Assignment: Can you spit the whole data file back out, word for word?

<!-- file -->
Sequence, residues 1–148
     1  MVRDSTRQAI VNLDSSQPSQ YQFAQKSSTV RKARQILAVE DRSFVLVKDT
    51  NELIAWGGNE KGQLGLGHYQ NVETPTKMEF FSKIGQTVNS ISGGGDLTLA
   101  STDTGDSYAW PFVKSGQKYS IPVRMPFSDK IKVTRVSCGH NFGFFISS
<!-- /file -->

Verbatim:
Sequence, residues 1–148
     1  MVRDSTRQAI VNLDSSQPSQ YQFAQKSSTV RKARQILAVE DRSFVLVKDT
    51  NELIAWGGNE KGQLGLGHYQ NVETPTKMEF FSKIGQTVNS ISGGGDLTLA
   101  STDTGDSYAW PFVKSGQKYS IPVRMPFSDK IKVTRVSCGH NFGFFISS